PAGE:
I guess I start wondering what happens when you get hit with a 135 HP at 1500 fps, and
    it blows up? Leaves a big, shallow hole? Wouldn't that do more then annoy the BG's?

    My Position has always been that for some reason, the only guys that have ever attacked me where huge. Smallest was 6'2" and at least 240 pounds. While we aren't as tough as hogs, hogs don't do drugs, get high, and crazy. I figure I wouldn't ever go after a hog with a light bullet, why would I bet my life on one with a bad guy?
    14" of penetration is a little more then the length of my forearm.

    I carry a 9mm sometimes. Tend to alternate flat points with 147 grain HXT. Got a great price on them, main reason.

    It still doesn't give me the warm and fuzzies penetration wise. San Diego PD have been impressed with the 147 grain HXT.
     
    Last edited: Aug 12, 2011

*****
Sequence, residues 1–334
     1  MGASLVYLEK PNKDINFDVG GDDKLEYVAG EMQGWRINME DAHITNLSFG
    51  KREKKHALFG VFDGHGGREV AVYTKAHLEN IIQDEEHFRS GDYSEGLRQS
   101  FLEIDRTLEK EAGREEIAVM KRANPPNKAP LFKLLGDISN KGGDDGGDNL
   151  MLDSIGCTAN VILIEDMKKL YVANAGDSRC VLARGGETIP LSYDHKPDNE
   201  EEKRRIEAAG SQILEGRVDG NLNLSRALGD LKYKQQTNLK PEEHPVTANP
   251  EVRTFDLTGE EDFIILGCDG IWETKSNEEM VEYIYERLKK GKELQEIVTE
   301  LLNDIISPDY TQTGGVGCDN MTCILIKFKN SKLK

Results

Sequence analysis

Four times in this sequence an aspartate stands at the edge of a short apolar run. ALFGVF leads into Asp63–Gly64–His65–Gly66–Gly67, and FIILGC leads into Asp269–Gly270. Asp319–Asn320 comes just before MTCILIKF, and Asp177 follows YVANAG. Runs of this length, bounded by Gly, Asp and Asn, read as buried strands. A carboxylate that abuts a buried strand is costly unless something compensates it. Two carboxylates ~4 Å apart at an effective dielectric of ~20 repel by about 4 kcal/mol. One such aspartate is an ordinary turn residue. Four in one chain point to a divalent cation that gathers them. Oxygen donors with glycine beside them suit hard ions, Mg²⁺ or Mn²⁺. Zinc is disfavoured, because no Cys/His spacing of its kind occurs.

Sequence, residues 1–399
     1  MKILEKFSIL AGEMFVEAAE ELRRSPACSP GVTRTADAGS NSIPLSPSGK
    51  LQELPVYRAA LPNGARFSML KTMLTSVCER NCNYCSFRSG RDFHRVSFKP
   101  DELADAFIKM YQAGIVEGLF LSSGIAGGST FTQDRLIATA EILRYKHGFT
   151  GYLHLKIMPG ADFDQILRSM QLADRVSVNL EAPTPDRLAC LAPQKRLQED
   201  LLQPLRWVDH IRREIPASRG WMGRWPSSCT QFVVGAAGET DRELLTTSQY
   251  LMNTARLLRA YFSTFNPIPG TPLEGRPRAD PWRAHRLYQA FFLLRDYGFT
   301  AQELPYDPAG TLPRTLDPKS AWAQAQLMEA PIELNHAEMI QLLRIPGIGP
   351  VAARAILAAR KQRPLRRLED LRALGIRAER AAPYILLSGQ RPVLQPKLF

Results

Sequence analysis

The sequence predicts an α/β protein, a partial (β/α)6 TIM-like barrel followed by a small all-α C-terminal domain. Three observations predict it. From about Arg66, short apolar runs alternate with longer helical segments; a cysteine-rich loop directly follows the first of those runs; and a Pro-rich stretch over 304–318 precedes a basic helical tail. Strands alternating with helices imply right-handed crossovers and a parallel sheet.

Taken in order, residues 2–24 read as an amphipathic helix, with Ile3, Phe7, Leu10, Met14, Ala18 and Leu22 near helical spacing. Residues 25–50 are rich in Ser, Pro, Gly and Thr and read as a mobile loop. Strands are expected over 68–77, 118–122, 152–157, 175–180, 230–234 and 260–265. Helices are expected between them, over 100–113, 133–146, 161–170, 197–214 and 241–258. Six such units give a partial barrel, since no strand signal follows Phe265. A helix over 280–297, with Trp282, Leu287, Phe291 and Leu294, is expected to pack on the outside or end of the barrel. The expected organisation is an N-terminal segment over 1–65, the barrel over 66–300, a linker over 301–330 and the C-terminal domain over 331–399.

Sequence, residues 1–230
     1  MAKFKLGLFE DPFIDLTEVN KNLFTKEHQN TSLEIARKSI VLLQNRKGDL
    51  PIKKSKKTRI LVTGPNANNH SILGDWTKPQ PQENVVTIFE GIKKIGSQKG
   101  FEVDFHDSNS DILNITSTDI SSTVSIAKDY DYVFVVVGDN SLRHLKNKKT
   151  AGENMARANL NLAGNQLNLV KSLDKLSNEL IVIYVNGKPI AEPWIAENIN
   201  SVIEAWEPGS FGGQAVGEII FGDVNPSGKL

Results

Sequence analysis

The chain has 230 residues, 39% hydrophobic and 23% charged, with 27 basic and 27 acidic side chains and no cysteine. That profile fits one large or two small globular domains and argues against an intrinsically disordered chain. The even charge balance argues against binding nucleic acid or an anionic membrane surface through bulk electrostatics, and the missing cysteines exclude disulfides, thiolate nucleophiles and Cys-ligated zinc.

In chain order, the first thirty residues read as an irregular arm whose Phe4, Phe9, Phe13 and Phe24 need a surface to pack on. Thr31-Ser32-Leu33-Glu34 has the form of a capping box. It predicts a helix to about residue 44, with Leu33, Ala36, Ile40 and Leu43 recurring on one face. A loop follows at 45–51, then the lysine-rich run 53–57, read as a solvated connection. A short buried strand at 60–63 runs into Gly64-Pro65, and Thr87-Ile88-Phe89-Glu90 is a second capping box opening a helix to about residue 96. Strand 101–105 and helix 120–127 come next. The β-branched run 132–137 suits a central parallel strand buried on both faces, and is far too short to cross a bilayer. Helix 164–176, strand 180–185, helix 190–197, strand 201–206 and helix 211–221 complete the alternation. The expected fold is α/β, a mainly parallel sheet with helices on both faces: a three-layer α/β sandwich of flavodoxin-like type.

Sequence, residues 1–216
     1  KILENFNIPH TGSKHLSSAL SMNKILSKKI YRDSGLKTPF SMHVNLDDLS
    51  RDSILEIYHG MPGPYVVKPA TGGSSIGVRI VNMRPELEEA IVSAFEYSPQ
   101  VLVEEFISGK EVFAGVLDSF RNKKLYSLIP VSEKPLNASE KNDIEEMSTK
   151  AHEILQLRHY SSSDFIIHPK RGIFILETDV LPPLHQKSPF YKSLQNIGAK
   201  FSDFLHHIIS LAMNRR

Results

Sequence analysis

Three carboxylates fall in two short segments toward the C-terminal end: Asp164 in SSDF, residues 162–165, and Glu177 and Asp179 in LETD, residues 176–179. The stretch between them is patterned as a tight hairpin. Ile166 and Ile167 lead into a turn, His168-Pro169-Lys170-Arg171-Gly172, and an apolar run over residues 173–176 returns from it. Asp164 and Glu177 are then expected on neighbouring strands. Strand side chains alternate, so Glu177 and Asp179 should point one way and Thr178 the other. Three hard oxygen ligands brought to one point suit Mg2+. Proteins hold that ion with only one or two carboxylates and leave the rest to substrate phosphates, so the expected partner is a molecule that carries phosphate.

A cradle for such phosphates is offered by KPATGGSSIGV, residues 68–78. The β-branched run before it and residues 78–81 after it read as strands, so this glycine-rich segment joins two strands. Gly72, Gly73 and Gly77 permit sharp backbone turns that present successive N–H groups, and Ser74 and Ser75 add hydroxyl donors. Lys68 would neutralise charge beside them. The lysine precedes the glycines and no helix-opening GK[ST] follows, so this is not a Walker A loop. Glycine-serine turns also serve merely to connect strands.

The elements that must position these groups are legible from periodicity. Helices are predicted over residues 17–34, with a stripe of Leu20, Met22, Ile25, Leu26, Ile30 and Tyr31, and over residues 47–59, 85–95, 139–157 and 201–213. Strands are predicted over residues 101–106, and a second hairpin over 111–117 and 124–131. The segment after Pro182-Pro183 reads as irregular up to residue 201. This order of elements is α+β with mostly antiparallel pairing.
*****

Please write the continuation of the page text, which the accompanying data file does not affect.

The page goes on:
23. heeler

    heeler Member

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    This very day I was at the range and was shooting in my Kahr PM9 some Winchester Ranger Bonded 147 gr. hollowpoints.
    I have seen you tube videos and after expansion, penetration could easily be 16-18 inches.
    That just might cause us a problem in a big city setting.
    But maybe not.
    Still since most of us actually live in cities we need to keep all of this in mind.
    One thing I did notice about the Ranger 147 grain as well as the Winchester 147 PDX1's is they were very accurate and in my Kahr and seemed more controllable than the Gold Dot 124+P's I had fired from it the week before.